Making an economic – and moral – case for criminal justice reform and second chances

November 23, 2018

Shutting out people with criminal records is more than just morally wrong – it’s bad economic policy. With anywhere between 70 million and 100 million people with criminal records in the United States, it’s time to recognize – and correct – the damage done by years of closing opportunities in housing, education, and employment. Every year, the U.S. loses up to $87 billion in gross domestic product because of these decisions.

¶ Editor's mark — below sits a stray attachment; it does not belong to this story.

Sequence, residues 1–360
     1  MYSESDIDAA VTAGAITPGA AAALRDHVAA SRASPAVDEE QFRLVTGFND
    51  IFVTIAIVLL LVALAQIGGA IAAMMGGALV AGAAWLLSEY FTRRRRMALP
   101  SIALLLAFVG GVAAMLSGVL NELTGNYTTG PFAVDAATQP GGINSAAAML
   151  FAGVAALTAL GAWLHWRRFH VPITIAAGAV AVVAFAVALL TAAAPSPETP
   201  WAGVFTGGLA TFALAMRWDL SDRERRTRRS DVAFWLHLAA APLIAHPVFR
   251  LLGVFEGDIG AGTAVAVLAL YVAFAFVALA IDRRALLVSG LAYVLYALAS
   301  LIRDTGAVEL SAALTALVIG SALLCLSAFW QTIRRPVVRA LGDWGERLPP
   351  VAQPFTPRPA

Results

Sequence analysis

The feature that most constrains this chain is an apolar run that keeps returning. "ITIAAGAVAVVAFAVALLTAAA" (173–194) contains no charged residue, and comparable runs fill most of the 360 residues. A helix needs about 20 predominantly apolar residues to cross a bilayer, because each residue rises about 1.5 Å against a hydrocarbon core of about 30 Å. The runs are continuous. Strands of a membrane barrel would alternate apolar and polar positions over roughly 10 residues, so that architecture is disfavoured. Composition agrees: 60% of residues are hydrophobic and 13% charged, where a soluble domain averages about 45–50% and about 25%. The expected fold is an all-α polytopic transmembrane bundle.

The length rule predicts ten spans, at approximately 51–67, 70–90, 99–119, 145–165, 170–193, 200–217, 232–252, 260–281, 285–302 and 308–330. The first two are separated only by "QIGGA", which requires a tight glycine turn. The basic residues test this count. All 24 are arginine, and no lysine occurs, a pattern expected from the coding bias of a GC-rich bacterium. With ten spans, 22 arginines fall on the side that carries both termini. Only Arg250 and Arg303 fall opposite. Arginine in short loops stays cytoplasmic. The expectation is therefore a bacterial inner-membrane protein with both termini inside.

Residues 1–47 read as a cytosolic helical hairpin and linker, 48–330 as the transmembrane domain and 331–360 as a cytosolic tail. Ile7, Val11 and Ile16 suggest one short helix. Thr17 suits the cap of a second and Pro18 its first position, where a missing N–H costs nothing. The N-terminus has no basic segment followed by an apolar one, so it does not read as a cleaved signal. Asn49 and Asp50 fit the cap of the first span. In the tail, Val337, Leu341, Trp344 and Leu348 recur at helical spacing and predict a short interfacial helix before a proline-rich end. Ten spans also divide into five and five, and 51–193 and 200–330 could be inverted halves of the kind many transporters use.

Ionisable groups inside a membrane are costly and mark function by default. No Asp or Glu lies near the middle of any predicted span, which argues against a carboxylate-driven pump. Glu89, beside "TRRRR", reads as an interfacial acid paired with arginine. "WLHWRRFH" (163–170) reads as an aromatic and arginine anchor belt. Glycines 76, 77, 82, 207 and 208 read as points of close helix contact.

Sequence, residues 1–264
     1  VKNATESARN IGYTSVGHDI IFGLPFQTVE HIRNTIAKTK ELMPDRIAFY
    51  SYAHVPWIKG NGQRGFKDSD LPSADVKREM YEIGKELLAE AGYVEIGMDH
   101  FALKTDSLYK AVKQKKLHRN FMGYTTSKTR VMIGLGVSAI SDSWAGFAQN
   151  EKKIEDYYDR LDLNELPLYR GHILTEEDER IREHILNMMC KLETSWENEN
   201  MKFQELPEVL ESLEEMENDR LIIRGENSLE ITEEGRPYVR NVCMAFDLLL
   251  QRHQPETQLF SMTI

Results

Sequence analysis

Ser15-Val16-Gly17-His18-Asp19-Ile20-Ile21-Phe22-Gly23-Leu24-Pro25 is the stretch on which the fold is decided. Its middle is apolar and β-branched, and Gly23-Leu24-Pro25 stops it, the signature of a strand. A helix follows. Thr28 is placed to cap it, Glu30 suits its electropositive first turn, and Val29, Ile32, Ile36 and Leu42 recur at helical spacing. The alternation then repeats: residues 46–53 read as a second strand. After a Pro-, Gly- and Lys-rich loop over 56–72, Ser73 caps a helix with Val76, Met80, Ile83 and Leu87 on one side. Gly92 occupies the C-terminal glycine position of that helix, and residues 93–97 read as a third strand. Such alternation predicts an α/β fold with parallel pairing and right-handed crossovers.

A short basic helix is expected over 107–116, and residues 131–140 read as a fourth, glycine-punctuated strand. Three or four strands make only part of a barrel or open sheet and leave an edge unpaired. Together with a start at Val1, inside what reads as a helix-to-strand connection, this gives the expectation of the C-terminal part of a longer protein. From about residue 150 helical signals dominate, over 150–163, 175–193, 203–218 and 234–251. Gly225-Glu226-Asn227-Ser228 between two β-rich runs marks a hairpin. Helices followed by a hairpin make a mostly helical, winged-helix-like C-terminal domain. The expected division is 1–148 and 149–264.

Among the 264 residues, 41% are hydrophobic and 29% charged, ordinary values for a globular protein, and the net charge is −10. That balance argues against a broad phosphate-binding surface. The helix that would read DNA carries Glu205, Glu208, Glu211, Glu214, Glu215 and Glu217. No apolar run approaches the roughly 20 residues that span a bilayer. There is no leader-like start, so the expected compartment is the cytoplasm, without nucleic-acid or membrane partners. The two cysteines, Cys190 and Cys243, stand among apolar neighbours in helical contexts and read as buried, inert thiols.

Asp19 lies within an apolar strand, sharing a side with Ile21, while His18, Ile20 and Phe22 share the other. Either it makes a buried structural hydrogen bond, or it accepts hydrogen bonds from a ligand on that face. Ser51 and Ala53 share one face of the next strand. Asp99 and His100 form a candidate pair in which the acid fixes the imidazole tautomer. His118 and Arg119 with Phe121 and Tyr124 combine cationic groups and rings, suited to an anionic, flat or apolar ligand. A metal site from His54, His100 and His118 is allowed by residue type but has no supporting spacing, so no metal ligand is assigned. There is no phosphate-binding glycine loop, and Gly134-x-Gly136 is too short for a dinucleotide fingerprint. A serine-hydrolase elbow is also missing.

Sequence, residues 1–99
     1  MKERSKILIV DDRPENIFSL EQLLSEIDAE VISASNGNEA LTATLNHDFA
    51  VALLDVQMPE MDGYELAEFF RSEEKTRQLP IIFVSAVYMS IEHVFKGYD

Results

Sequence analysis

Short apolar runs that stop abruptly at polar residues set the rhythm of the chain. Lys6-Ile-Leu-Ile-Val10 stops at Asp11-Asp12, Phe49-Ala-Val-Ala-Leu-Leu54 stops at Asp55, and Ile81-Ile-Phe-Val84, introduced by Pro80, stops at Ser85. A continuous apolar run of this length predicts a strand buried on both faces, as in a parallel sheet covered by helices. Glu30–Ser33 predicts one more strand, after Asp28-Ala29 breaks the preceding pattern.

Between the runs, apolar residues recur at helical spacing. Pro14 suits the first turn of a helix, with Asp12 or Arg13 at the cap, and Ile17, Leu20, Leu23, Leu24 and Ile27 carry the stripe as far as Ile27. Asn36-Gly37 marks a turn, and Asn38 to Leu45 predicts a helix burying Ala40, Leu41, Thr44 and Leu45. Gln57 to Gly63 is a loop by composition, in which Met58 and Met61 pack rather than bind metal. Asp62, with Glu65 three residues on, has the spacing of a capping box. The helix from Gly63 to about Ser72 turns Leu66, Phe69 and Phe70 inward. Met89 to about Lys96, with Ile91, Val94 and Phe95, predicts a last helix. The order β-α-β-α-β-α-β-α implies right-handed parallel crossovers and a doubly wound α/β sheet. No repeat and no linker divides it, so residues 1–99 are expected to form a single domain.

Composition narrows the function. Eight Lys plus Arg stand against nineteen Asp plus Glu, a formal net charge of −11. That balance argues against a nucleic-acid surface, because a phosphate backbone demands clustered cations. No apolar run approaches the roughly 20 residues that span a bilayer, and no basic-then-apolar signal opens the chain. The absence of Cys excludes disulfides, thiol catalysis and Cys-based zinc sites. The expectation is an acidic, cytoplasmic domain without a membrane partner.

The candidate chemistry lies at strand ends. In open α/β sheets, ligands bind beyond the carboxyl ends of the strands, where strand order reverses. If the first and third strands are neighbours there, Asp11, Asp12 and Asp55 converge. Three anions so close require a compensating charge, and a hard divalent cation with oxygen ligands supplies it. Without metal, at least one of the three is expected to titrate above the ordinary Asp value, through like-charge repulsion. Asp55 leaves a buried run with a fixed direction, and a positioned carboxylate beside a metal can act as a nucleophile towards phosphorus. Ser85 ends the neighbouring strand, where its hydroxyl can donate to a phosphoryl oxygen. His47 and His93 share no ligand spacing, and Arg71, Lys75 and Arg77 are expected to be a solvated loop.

That’s the message of a recent op-ed for USA Today by Mark Holden, senior vice president, general counsel and corporate secretary of Koch Industries, and David Plouffe, head of policy and advocacy at the Chan Zuckerberg Initiative and former campaign manager and senior adviser to President Barack Obama.

Holden and Plouffe note that the issue has bipartisan support in states like Pennsylvania, where the Republican-controlled legislature and Democratic governor worked together on legislation that will seal certain types of records for former prisoners who qualify. State legislatures across the country are following Pennsylvania’s lead, “a commonsense move that will make a huge difference – both for individuals and for the economy,” they write.